into my flesh
Marks on my skin
My legs scarred
Clung to me
As I ran
Our new home smells of vanilla. Mama makes all our favourite desserts from many years ago. Cream puffs, elevated versions of eclairs: slow cooked dough, let it rest on the warm stovetop, take your time, ease it into the oven heat. Bake it for forty minutes. Stuff it with rose and cardamom custard. Top it with vanilla butter chocolate. Glossy, fragile, so easily destructible. I make a mess. Chocolate on the corner of my mouth, my chin, the top of my teeth. This tastes like my fifth birthday party, my last one with my thirteen cousins. They said they wished we were born every day so they could come over for cream puffs every day. Chocolate on our shirts, on the sides of our dresses where we wiped our hands. On a sugar rush we broke a couch, we jumped on top of cars, we made crowns with the palm tree leaves. We climbed over neighbours’ fences then raced to sneak out. If you didn’t get caught you got to wear the flower crown, and you got another cream puff.
At our new home we don’t have palm trees. We have trees that make our street purple. Apricot trees housing a hundred parrots. But Mama listens to the parrots and says ‘I’ll put some water out for the birds. They will pray for us. How about one of those purple trees in our backyard?’
Mama listens to the parrots and says ‘I’ll put some water out for the birds. They will pray for us. How about one of those purple trees in our backyard?’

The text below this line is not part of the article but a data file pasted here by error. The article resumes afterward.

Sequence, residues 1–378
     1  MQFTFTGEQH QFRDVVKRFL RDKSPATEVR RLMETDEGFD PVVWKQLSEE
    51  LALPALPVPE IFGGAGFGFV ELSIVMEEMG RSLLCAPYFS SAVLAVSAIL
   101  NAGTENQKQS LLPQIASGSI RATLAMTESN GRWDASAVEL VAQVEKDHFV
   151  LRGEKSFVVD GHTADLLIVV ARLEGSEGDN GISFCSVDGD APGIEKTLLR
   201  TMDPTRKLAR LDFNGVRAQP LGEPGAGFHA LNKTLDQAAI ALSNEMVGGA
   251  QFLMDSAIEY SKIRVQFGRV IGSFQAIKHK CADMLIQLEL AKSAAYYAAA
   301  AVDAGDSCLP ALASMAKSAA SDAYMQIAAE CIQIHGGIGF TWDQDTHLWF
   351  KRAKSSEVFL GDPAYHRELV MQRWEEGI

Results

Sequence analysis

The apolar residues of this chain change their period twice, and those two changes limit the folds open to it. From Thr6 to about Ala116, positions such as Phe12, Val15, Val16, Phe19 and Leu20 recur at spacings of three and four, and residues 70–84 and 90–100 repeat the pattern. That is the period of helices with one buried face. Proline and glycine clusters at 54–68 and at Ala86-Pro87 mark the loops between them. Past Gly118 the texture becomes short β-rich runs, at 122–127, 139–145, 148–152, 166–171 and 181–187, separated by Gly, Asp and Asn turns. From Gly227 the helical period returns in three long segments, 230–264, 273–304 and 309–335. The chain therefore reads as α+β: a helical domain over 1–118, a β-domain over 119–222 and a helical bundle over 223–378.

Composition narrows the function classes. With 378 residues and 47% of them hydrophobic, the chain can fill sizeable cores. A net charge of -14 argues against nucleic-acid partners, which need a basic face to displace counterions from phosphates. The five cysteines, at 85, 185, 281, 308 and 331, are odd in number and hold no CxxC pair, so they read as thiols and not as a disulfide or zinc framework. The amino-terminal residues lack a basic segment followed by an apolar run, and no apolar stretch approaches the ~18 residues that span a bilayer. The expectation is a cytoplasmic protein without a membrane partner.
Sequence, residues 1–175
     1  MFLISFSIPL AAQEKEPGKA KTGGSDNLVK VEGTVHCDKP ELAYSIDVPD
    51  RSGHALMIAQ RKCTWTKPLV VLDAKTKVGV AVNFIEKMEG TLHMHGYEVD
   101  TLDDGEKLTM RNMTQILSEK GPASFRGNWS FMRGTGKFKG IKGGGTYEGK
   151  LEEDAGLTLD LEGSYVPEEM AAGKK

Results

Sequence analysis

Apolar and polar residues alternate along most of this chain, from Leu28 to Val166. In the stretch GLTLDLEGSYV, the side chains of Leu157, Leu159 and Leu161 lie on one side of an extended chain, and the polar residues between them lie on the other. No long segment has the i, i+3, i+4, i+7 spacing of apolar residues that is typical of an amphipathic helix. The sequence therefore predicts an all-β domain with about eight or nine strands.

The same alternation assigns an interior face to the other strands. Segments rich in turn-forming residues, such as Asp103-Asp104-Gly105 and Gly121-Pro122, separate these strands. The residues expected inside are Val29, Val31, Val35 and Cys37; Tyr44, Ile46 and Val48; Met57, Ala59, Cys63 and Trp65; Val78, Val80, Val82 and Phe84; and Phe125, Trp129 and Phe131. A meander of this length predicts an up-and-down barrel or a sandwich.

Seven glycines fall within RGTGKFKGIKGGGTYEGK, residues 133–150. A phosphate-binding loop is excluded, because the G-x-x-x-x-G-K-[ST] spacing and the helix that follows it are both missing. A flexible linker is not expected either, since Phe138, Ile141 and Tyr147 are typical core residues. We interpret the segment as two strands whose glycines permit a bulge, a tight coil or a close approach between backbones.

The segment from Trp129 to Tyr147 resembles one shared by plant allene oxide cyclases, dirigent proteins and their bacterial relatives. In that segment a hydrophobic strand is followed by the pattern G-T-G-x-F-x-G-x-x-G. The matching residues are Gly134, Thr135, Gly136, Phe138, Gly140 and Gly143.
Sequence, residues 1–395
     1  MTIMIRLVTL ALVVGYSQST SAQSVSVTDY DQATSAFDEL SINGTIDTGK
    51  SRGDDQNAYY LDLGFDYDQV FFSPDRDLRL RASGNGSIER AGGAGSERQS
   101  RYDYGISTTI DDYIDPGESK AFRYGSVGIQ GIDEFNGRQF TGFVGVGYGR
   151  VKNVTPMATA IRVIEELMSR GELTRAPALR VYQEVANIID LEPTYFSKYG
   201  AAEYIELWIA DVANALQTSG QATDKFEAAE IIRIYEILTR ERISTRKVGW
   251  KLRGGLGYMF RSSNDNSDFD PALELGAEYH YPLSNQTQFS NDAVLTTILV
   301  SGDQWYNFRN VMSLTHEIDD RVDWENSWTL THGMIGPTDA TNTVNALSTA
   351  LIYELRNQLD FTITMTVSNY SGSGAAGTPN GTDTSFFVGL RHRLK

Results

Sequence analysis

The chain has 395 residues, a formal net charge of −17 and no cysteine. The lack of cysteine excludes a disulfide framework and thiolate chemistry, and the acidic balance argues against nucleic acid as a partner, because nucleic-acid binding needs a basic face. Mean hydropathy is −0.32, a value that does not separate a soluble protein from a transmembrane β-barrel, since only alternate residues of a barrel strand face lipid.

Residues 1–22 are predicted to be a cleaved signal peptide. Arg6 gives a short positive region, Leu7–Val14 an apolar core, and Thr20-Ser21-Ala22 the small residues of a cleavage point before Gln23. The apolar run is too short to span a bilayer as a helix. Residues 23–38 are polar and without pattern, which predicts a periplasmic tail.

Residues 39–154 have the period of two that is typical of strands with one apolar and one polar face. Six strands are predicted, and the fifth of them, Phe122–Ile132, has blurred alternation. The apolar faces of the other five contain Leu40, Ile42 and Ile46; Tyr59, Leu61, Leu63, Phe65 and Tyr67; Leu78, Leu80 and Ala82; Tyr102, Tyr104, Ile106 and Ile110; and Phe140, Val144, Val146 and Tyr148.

Our new home here smells of tomatoes, garlic and black pepper. Sheets of lasagna. Béchamel. Mama makes it four hours ahead of dinner because she knows my father loves it cold. She makes the pasta sheets; the flour smothers her hands and paints her hair white every time she folds it behind her ears. She sings when she cooks, gana el hawa, gana, we ramana el hawa, ramana – love came to us, it came to us…
In our old home we dipped the broken lasagna sheets in leftover béchamel. We got full before lunch, yet we ate lunch and we went back for seconds. One lasagna dish for us, three for our cousins. When we decided to leave, we spent our money on passports and bribes. Lasagna sheets and béchamel became the standard lunch. When Mama noticed us getting bored, she would replace the sheet pasta with French fries, then with bread, then back to the sheets.
Here in our new home the locals eat fries with gravy. Mama thinks it’s funny. ‘Did the British spend all their money on people smugglers too? Signs of the Hour! Wallah.’
Our first interim home after leaving Iraq was a one-bedroom flat opposite a brothel; my parents slept on the floor, my sister and I in a bunk bed. Posters of Donald Duck and his three nephews on the wall, next to ‘prayers for the traveller’, ‘prayers for the foreigner’, ‘prayers for the distressed’, ‘prayers for the scared’ and ‘prayers for children.’ A photo from the newspaper of my mother at a corporate function. My sister’s report card: ‘Brilliant girl.’ My piggy bank wasn’t sitting next to Mama’s jewellery box because she sold everything. In our closet she had three wrap dresses, and they wrapped around her dark skin like she was the temple and they were in worship. When she told me stories before bed she blessed me, and I never had a bad dream.
Every other night I would fall from the bunk bed onto my parents’ mattress, never bothering to climb back up. My sister would pretend to fall off too, so she could join us. We were safe when we were together. When it rained too hard and we were scared, we fell onto the mattress. When the cars raced down our streets and drunk people were laughing outside, we fell onto the mattress. When the planes struck the twin towers, when Saddam disappeared, when my mother had a stroke, when my uncle was killed: we fell onto the mattress.